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WHY DO THE ACUTE BEHAVIORAL EFFECTS OT TOLUENE IN RATS DEPEND ON THE ROUTE OF EXPOSURE?
Samsam, T E., W M. Oshiro, AND P J. Bushnell. WHY DO THE ACUTE BEHAVIORAL EFFECTS OT TOLUENE IN RATS DEPEND ON THE ROUTE OF EXPOSURE? Presented at Society of Toxicology, New Orleans, LA, March 06 - 10, 2005.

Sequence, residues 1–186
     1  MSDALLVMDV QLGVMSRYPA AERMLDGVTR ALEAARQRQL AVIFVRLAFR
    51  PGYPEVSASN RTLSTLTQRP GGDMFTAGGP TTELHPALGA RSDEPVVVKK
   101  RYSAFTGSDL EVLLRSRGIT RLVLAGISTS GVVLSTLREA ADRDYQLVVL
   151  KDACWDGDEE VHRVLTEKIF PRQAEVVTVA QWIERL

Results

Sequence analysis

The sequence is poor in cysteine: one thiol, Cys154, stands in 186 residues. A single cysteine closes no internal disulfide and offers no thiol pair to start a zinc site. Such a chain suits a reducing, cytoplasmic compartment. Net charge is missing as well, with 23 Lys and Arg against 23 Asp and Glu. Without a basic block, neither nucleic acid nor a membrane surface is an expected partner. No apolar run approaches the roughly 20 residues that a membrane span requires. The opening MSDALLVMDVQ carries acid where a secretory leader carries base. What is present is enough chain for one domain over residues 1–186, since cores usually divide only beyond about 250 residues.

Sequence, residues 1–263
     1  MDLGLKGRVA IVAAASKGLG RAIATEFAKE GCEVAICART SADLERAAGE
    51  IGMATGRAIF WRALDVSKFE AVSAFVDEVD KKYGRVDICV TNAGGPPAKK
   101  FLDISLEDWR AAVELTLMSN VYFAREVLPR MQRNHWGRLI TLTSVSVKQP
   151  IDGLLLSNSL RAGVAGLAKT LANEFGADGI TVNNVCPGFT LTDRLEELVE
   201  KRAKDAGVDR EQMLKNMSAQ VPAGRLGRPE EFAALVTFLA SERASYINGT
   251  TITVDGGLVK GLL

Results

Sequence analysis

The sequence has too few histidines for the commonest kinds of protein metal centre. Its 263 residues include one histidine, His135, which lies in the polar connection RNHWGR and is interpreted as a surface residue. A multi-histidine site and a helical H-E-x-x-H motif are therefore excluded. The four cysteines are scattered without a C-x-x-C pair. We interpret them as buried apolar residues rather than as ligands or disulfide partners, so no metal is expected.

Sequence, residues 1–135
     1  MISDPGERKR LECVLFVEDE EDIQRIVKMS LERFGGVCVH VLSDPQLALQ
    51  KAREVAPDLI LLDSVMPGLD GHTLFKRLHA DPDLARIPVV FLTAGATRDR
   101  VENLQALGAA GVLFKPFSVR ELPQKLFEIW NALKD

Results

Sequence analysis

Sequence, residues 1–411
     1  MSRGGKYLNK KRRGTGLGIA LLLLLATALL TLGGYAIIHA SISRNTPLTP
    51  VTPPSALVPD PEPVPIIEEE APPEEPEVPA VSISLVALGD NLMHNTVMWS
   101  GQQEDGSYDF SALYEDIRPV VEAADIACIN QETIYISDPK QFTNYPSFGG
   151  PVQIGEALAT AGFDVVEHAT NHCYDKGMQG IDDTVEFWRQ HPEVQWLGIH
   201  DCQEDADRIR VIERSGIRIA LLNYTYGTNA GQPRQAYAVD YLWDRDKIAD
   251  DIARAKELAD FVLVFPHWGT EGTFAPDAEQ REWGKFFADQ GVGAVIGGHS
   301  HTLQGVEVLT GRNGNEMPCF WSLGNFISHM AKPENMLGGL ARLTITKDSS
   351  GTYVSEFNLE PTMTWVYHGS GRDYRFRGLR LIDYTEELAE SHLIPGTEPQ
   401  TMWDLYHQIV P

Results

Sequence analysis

Despite evidence suggesting that the acute effects of organic solvents are related to their concentration in the brain, we have observed route-dependent differences in the acute behavioral effects of toluene. Whereas inhaled toluene disrupts the performance of rats on a visual signal detection task (SDT) that assesses sustained attention, toluene given orally in corn oil does not, even with similar concentrations in the blood (see Bushnell et al). Several studies in adult male Long-Evans rats were conducted to determine the source of these route differences. Exp. 1 showed that the time course of the rise in toluene concentrations in blood and brain of rats inhaling 2000 ppm toluene (an effective treatment) matched that of rats given 800 mg/kg of toluene in corn oil by gavage (an ineffective treatment). Further experiments used rats previously trained to perform the SDT. Exp. 2 showed that the pre-test exposure interval (10' vs. 30') did not account for the route difference, and Exp. 3 showed that co-administration of oral corn oil and inhaled toluene did not reduce the effect of toluene. Exp. 4 showed that oral administration of sodium benzoate, a toluene metabolite, did not reduce the effect of inhaled toluene. Exp. 5 showed that oral trichloroethylene (TCE) in corn oil (1200 mg/kg), which yields concentrations of TCE in blood of 10 - 30 ug/mL (Prout et al., 1985), caused slight impairment on the SDT, relative to previous observations of robust effects of inhaled TCE with blood concentrations of 50 - 125 ug/mL. Exp. 6 examined the effects of oral toluene given in a lipophilic but non-absorbable sucrose-esterified fatty acid complex (SEFA soyate). Further experiments will look at the role of physical activity on the kinetics of inhaled and orally-delivered toluene and on the generality of this route dependence across functional endpoints. These findings address the appropriateness of route-route extrapolations in setting reference toxicity values. [This abstract of a proposed presentation does not necessarily reflect EPA policy.]